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I was going through the text Introduction to Algorithms by Cormen et. al. where I came across the following statement:

If the keys are known to be random real numbers $k$ independently and uniformly distributed in the range $0 \leq k < 1$ , the hash function

$$h(k) = \lfloor km \rfloor$$ satisfies the condition of simple uniform hashing.

Now what I can understand that they are probably considering uniform disturbution in the "continuous" sense and not in the discrete sense. Had it been in the discrete sense then suppose for $n$ keys the probabity mass function (p.m.f) shall be constant and equal to $1/n$ and so it shall be equally likely for each key to be used in the hashing there-by yeilding the desired result.

But we seem sort of in trouble if the distribution being referred to is continuous (I feel so because of the line: "uniformly distributed in the range $0 \leq k < 1$")

Let $f(x)$ be the associated probability density function (p.d.f) and from the given information we have $f(x)=1$,(which is quite easily found, integrating $f(x)$ in the range $0$ to $1$ and equating it with $1$ and noting that in uniform distribution the p.d.f is a constant).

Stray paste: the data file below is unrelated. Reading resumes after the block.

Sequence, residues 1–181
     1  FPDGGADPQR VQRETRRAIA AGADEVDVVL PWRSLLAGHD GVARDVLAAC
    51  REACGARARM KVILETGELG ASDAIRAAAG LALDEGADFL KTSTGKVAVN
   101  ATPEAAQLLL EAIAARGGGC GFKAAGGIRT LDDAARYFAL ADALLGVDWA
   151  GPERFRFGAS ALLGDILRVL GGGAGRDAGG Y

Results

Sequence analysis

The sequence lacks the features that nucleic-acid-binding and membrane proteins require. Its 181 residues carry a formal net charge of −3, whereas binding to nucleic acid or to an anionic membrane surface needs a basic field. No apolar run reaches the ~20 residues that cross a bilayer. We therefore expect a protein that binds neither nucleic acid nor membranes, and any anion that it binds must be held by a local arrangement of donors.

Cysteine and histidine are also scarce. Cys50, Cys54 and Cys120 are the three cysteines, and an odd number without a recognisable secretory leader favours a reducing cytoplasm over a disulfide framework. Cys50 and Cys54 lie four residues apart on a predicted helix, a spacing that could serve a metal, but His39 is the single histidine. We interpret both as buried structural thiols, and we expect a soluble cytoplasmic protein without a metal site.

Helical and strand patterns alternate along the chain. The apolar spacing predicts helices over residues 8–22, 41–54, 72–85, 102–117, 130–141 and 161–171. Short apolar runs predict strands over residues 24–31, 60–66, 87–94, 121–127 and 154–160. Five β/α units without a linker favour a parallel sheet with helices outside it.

Now though the p.d.f is a constant but p.d.f is not the probability. Rather probability at a spectrum point is $0$. Now how to use this result to get to the claim of the authors.

Or am I entirely at fault considering the distribution to be continuous?

(There is an answer here, but it does not go into this detail as the question there is different after all).

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    $\begingroup$ $k$ is a continuous random variable with a constant density function, nothing wrong with that. $\endgroup$ – Ariel Jun 25 '20 at 20:48
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$h\in [m]^U$ satisfies the simple uniform hashing assumption if when $x\in U$ is chosen uniformly at random, then $h(x)$ is uniformly distributed over $[m]$, or equivalently $\forall i\in[m]: \Pr\limits_{x\in U}[h(x)=i]=\frac{1}{m}$. In our case we have:

$\Pr[h(x)=i]=\Pr\big[\lfloor mx \rfloor=i\big]=\Pr[i\le mx < i+1]=\frac{i+1}{m}-\frac{i}{m}=\frac{1}{m}$.

We used the fact that if $x$ is uniformly distributed over $[0,1]$ then $\Pr[a\le x\le b]=b-a$ (the equality holds with all four combinations of $\le$ and $<$).

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  • $\begingroup$ can you please say the meaning of the notation $h\in [m]^U$ $\endgroup$ – Abhishek Ghosh Jun 25 '20 at 20:52
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    $\begingroup$ In this context $[m]=\{0,1,...,,m-1\}$ and $[m]^U$ is the set of functions from $U$ to $[m]$. $\endgroup$ – Ariel Jun 25 '20 at 20:53
  • $\begingroup$ thanks for the help. $\endgroup$ – Abhishek Ghosh Jun 25 '20 at 20:55

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